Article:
Somehow I passed on this amazing sounding and now-extremely difficult to find DS game when I was in college. So that means I don’t have the excuse of “I was young and didn’t know better” to get me out of it.
The GameStop in my hometown happened to have this game brand spanking new for $40 for like, the longest time. I think it was one of those games that also came with the soundtrack CD as well as some other swag… something like that.
Anyway, I passed and passed and passed on this one over and over. It wasn’t until years later that I realized it was apparently awesome and apparently really hard to find. Looking it up online you can see the game sells for a boatload, going all the way up to $200!
At least with this one I don’t feel like I really missed out. It’s just an example of a time I didn’t know what to look out for, and a reason why I like researching games nowadays.
Toon Link & Toon Zelda amiibo
Okay, so not a video game, but a video game accessory. Still, the example kind of fits what we’re going with here.
I used to work at a store that sold electronics and video games. When each wave of amiibo would release, we’d usually have people waiting outside our door to purchase, and within minutes they would be completely sold out.
Surprisingly, this wasn’t the case with Nintendo’s wave of The Legend of Zelda themed amiibo. For weeks and weeks we had the Toon Link and Toon Zelda two-pack on our shelves, along with the occasional Twilight Princess and 8-bit Links as well.
Well woudln’t you know it, when I wanted to buy one after weeks of deliberating and procrastinating, the little figures were no where to be found. I even had some coworkers look up the amiibo to see if other stores had it, if they were sold online, and really any other options, but with no luck.
Ultimately I did end up getting the individual Toon Link amiibo when Toys R Us re-released in 2018, but as far as I know we haven’t seen a Toon Zelda re-release. Or if we did that flew past me too, which means it’d probably be on this list somewhere too!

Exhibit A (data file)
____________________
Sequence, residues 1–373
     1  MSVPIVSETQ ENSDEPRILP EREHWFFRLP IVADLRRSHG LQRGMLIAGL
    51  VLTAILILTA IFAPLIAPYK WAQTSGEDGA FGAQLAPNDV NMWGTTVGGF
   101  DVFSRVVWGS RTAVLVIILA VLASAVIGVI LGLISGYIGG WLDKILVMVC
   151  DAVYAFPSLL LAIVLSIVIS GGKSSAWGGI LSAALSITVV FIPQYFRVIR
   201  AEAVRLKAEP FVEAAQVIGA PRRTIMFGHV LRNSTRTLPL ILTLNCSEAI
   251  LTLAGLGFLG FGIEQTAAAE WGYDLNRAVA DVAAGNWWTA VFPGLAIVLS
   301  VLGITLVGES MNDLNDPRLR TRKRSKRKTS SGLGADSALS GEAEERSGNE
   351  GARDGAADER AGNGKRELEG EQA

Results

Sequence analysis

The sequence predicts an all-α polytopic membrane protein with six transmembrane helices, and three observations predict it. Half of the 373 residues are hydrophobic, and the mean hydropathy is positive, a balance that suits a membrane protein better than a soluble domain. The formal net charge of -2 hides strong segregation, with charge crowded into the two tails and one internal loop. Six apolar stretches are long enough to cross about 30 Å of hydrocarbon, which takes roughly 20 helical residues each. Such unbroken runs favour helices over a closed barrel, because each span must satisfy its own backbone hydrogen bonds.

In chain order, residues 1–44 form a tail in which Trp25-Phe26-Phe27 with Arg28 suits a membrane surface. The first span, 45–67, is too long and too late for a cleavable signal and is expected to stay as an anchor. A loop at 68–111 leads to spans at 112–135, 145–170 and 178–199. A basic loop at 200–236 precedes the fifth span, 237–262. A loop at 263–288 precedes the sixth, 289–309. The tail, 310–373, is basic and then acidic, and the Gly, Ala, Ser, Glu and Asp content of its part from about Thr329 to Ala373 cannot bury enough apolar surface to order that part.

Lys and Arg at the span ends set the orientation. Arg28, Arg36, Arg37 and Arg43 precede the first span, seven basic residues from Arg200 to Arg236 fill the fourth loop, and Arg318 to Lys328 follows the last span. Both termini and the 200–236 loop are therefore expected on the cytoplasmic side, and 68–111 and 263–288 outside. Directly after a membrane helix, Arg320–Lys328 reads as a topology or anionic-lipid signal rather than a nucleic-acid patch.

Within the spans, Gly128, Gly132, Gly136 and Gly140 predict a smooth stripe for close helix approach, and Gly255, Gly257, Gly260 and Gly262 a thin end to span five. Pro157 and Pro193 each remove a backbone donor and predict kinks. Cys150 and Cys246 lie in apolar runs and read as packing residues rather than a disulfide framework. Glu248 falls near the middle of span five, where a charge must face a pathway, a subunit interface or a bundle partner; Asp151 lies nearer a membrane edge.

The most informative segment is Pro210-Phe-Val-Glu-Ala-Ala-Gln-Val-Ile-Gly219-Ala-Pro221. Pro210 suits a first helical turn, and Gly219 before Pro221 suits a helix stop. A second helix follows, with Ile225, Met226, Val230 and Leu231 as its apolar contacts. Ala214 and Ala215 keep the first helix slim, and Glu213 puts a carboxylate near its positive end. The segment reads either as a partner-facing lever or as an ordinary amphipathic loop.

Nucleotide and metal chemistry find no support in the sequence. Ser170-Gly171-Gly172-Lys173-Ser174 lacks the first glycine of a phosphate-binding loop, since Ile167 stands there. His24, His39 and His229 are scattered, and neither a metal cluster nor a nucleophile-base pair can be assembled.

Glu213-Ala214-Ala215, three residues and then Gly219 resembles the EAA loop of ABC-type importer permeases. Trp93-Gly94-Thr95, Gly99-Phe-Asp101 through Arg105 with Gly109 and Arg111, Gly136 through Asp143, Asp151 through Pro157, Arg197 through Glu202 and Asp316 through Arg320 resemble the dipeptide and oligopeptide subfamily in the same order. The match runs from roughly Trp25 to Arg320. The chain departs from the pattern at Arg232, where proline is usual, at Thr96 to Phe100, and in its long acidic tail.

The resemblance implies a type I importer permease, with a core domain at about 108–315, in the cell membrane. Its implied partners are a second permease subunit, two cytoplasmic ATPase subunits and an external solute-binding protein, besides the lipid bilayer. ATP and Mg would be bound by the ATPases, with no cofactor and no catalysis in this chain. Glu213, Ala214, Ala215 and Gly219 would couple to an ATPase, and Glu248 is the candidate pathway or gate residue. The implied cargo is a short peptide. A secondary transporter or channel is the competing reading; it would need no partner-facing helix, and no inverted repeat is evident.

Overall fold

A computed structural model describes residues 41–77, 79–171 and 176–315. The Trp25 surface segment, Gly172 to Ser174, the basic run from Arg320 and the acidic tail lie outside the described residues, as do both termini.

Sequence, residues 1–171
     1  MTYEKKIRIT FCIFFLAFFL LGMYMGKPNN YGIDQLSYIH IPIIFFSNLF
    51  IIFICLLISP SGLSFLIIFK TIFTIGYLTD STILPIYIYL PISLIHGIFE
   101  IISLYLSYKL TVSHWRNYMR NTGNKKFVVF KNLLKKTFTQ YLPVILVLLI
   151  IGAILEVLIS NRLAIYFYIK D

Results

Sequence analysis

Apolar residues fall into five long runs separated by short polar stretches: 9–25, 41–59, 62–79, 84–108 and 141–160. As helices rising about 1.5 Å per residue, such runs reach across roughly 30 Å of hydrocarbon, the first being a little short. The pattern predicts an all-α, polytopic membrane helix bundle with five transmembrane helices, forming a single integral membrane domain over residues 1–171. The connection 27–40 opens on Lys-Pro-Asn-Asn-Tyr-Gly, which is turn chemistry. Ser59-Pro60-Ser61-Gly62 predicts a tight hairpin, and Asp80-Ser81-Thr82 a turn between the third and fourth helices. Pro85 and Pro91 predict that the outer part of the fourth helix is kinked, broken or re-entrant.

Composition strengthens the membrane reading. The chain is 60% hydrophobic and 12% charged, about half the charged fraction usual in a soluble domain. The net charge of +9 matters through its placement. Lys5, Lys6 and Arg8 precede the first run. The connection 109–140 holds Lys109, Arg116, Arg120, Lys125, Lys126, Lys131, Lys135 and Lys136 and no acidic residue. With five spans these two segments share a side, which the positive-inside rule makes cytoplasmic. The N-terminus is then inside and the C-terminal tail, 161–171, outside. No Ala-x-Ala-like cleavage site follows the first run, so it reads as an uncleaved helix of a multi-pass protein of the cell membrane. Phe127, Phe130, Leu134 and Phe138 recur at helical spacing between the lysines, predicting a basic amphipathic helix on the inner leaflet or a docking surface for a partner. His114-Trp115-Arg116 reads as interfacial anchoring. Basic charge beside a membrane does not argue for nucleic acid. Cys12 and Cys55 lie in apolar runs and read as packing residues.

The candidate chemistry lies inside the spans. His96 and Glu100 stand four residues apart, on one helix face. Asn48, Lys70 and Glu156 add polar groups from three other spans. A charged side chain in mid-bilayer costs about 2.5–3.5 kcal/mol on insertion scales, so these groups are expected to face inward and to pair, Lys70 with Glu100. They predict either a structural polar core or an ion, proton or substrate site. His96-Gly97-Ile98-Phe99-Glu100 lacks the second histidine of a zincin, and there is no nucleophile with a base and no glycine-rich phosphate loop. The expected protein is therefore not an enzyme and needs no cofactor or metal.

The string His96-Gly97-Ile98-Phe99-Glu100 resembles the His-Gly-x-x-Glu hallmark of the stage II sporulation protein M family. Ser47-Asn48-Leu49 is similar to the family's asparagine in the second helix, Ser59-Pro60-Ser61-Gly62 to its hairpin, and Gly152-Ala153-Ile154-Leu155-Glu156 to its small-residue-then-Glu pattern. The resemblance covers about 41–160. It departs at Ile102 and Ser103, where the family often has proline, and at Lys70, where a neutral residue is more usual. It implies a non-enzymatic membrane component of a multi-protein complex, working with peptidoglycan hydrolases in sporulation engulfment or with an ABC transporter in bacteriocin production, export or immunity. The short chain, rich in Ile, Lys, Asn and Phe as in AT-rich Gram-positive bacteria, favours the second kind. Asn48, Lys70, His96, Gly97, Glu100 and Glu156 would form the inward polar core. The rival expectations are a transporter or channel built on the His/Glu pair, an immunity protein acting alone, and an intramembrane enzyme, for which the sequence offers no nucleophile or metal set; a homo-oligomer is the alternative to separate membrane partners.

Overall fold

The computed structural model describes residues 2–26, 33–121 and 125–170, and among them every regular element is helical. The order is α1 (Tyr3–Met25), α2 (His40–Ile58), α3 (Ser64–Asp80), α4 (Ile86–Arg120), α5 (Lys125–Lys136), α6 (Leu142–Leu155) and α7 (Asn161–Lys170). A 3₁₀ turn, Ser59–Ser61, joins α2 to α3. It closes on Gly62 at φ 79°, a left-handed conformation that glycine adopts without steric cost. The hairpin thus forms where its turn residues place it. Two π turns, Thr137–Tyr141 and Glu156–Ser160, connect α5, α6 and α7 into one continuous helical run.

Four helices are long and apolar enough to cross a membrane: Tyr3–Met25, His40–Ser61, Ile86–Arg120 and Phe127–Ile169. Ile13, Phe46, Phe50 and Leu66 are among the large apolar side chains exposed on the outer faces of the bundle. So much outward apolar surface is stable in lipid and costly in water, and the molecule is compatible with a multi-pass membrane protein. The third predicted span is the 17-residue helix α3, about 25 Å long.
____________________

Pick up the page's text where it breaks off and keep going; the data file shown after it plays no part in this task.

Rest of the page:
An Entire Atari Jaguar Collection
I literally let out the biggest sigh just typing this headline, and I even knew I was going to be ending on this!
Way back in like, 2004, I went to a garage sale near my grandma’s house. Her entire neighborhood would do one garage sale a year, and they would all do it this do. It was pretty cool to see a whole bunch of people out, and all shopping through other peoples’ junk.
I stumbled upon one house who was literally selling an entire Atari Jaguar collection. We’re talking the console, two controllers, all the cables, and a couple games (one of which I know was that Bruce Lee game). The best part too:
He was selling the entire collection for $50!
And I passed.
I was neck deep in game collecting at the time, and I knew what the Atari Jaguar was: a shitty system with crap games that wasn’t fun to play. I even rationalized to myself that a Jaguar wasn’t worth $50, even with all that stuff (which, let’s be real, it isn’t worth $50 because of the quality or lack-thereof for its games).
But I am still kicking myself for not spending that cash and having a freaking Jaguar in my collection! I’d literally never hook it up, I’d probably never even have played it, but I could at least have said, “Oh, you’ve got an original NES with a box? Well I’ve got an original Atari Jaguar!”
The things we do, and in this case don’t do, for video games.